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Prerequisites by topic: 1. A fundamental understanding of analysis and design of combinational and sequential logic systems 2. Basic knowledge in programming digital computers. 3. Analysis of problems and development of correct procedures for their solution. 4. An ability to develop algorithmic solutions to problems in a structured high level computer language. 5. The ability to solve both numerical and non-numerical problems using computer programs. Course Topics (Expected): Introduction to the microprocessors, microprocessors and basic computer definitions. Introduction to Motorola 68HC12 and HC12/HS12 hardware, instruction set, and addressing modes. Assembly language programming using the HC12/HS12 instruction set. The debug, a software development program, ICC12 IDE environment and D-Bug12 Embedded programming for the HC12/HS12 in assembly and "sequential C". MC68HC812A4, MC68HC912B32, and MC9S12DP256 parallel input output interfaces, and real-time synchronization MHC12/HS12 interrupts, interrupt vectors, interrupt priorities, nonmaskable interrupt, external interrupt sources, and more advanced interrupts M68HC12 Memory Map, MC68HC912B32 Flash EEPROM, Flash EEPROM hardware interlocks, expansion memory and interfacing to the external bus Introduction to MHC12/HS12 timers, basic timer, sixteen-bit free-running TCNT register, real-time interrupt, external interrupts using timer interrupts. Course Objectives: 1. Understand components of the computers, microprocessors and microcontrollers (a, b, c, e, k). 2. Learning role of CPU, registers, and modes of operation of HC12/HS1268HC12 (a, b, c, e, k). 3. Understand concept of memory mapping (a, c, e, k). 4. Learning addressing modes (Immediate, direct, extended, indexed, indexedindirect, inherent and relative addressing modes) (a, b, c, e, k). 5. Learning Motorola HC12/HS1268HC12 instruction sets (Load, store, transfer, move, arithmetic, logic conditional and unconditional branch, loop, condition code, interrupt Instructions) (a, b, c, e, k). 6. Learning how to write program in assembly language using HC12/HS1268HC12 assembler and debugging (a, b, c, e, k).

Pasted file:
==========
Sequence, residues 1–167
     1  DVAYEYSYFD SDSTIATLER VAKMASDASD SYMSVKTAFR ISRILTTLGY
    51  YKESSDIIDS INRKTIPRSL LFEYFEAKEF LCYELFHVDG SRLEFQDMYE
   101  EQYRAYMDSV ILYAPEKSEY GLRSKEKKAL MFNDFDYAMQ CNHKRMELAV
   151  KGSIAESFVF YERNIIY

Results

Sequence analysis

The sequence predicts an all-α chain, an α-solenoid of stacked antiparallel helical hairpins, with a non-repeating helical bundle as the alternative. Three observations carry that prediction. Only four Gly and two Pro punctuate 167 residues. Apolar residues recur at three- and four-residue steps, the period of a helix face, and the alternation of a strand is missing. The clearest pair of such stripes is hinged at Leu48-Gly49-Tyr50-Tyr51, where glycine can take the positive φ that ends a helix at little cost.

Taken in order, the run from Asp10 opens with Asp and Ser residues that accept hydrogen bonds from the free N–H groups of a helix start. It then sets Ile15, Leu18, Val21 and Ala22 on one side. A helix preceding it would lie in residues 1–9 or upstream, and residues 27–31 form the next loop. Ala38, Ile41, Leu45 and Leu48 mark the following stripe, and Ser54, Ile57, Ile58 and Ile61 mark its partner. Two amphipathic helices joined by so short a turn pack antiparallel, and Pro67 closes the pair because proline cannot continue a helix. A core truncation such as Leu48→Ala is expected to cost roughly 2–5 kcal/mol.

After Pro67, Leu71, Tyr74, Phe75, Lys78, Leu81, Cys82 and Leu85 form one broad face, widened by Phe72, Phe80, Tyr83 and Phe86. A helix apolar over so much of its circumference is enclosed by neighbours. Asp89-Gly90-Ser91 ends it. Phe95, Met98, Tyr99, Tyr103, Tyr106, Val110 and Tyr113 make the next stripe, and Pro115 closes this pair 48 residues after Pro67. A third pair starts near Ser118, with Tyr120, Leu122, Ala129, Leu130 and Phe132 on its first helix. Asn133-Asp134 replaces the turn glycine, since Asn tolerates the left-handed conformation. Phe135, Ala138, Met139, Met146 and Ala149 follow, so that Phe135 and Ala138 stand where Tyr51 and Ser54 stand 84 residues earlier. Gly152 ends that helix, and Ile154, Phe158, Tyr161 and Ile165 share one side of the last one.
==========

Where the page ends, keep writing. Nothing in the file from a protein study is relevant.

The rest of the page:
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7. Learning assembly-programming styles, structured assembly language programming (a, b, c, e, k). 8. Learning if-then-else decision, while-do and do-while repetitions (a, b, c, e, k). 9. Learning and programming parallel input/output ports of M68HC12 (a, b, c, e, k). 10. HC12/HS1268HC12 memory system design, memory capacity, and control signs, memory technologies, linear memory expansion, memory layout design, timing analysis and electrical compatibility, memory paging (a, b, c, e, k). 11. Learning interrupt vectors, interrupt process, interrupt priorities, external and advanced interrupts (a, b, c, e, k). 12. To assess ABET outcomes h, i and k. Laboratory Work: The platform in the lab is the Adapt9S12DP256 Board by Technological Arts. Programs will be created, compiled, and downloaded to the board using the ICC12 IDE environment and D-Bug12 debug Monitor that has been preloaded in the flash memory of the 9S12DP256 microcontroller on the Adapt board. We will be using standard scientific/engineering procedure regarding laboratory reports. This means that you are expected to come to class prepared. Prelab and Lab Assignments will be posted on the Class Web Page. The objective and design sections (the latter contains pseudocode of software, circuit schematic diagrams, timing diagrams, math formulas, etc.) of your lab report should be completed before lab as a draft. The finalized design, data/results and conclusion sections of the Team's Lab Report should be completed either during the lab session, or shortly thereafter. In the conclusion section you will describe major concepts observed/discovered, discuss any anomalies and suggest what caused them. Prelab Assignments will be checked by the lab instructor at the beginning of each lab. Missing, or insufficient Prelabs will be penalized by losing up to 3 pts (out of 12 pts) for the lab. Lab reports may be done in pencil but typed reports using a word processor are highly recommended. It is also recommended that you save and organize your lab C and assembly language programs. The penalty will be severe for illegible writing, sloppy schematics and drawings. Lab reports are due during the beginning of the next lab session. Failing so may result in a grade of 0 pts for the lab report. Lab reports are an individual's responsibility, one lab report per person ... not one per team! If you don't show up for a lab, you forfeit the points associated with it and cannot later make up the lab. Exceptions may be made only for those individuals who contact the course instructor and their lab instructor/TA before the lab and have an excused absence. There will be a Lab Final, with a point total equal to three regular labs (36 pts). Note: You must achieve a passing grade in the lab (total 60% out of 100%) in order to pass the class. Lab team collaboration on labs and lab reports is expected; however, plagiarism and/or thoughtless copying/duplication of another student's, or team's designs or written reports is not and may result in a zero scores for the lab, or homework, or design project for all individuals involved. ECE 2510 3 of 5 23 August 2012